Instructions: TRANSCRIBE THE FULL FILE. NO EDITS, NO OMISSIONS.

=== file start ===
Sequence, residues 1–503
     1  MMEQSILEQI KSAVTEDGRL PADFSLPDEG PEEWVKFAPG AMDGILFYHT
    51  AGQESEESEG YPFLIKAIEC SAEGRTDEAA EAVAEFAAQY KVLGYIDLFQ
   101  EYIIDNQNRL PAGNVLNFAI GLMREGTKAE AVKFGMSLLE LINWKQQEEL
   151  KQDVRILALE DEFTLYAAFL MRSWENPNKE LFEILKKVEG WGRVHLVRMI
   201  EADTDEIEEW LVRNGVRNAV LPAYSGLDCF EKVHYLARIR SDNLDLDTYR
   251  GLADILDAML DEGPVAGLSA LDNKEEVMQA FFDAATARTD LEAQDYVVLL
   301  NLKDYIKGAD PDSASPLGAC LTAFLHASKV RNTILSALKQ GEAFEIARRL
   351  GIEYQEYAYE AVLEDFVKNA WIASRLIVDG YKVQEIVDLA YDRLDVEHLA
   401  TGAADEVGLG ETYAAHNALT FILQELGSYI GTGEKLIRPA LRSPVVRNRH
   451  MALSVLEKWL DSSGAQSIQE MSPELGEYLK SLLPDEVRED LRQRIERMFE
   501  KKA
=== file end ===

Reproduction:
Sequence, residues 1–503
     1  MMEQSILEQI KSAVTEDGRL PADFSLPDEG PEEWVKFAPG AMDGILFYHT
    51  AGQESEESEG YPFLIKAIEC SAEGRTDEAA EAVAEFAAQY KVLGYIDLFQ
   101  EYIIDNQNRL PAGNVLNFAI GLMREGTKAE AVKFGMSLLE LINWKQQEEL
   151  KQDVRILALE DEFTLYAAFL MRSWENPNKE LFEILKKVEG WGRVHLVRMI
   201  EADTDEIEEW LVRNGVRNAV LPAYSGLDCF EKVHYLARIR SDNLDLDTYR
   251  GLADILDAML DEGPVAGLSA LDNKEEVMQA FFDAATARTD LEAQDYVVLL
   301  NLKDYIKGAD PDSASPLGAC LTAFLHASKV RNTILSALKQ GEAFEIARRL
   351  GIEYQEYAYE AVLEDFVKNA WIASRLIVDG YKVQEIVDLA YDRLDVEHLA
   401  TGAADEVGLG ETYAAHNALT FILQELGSYI GTGEKLIRPA LRSPVVRNRH
   451  MALSVLEKWL DSSGAQSIQE MSPELGEYLK SLLPDEVRED LRQRIERMFE
   501  KKA